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It is said in ssh man:

-i identity_file
             Selects a file from which the identity (private key) for public key authentication is read.  The default is
             ~/.ssh/identity for protocol version 1, and ~/.ssh/id_dsa, ~/.ssh/id_ecdsa, ~/.ssh/id_ed25519 and
             ~/.ssh/id_rsa for protocol version 2.  Identity files may also be specified on a per-host basis in the con‐
             figuration file.  It is possible to have multiple -i options (and multiple identities specified in configura‐
             tion files).  If no certificates have been explicitly specified by the CertificateFile directive, ssh will
             also try to load certificate information from the filename obtained by appending -cert.pub to identity file‐
             names.

It states, that identity file is a PRIVATE key.

But doesn't it violates security principle, that private key should be kept in secret?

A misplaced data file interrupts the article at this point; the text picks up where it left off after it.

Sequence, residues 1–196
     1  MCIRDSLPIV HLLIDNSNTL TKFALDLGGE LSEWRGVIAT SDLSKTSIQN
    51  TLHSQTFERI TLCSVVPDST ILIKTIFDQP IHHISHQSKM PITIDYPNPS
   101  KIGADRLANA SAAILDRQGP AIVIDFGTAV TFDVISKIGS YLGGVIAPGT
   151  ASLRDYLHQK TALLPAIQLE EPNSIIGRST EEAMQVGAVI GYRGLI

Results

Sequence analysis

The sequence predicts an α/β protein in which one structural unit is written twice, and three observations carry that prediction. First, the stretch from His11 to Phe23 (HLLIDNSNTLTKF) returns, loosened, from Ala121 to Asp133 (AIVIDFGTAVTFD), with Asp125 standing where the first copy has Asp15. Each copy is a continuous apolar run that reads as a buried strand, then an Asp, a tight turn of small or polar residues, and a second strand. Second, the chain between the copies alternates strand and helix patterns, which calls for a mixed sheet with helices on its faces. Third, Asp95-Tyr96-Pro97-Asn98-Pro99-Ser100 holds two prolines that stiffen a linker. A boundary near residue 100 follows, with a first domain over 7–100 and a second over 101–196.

If ssh transmits the key over network, it can be compromised.

I would expect, that target machine keep private key, and check incoming user's public key.

What is wrong in my understanding?

If ssh is sending private key over network, then what is advantage of it over just using password?

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    What makes you think it's sending the private key over the network? – Stephen Kitt Nov 4 '16 at 9:22
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SSH never sends the private key over the network. This would be, in fact, foolish.

The private key is merely used to answer a "challenge" from the target host which is generated using the corresponding public key. To answer the challenge without possessing the private key is notoriously hard, which makes this sort of communication secure because you cannot break it (in an acceptable time frame) by guessing ie. brute force.

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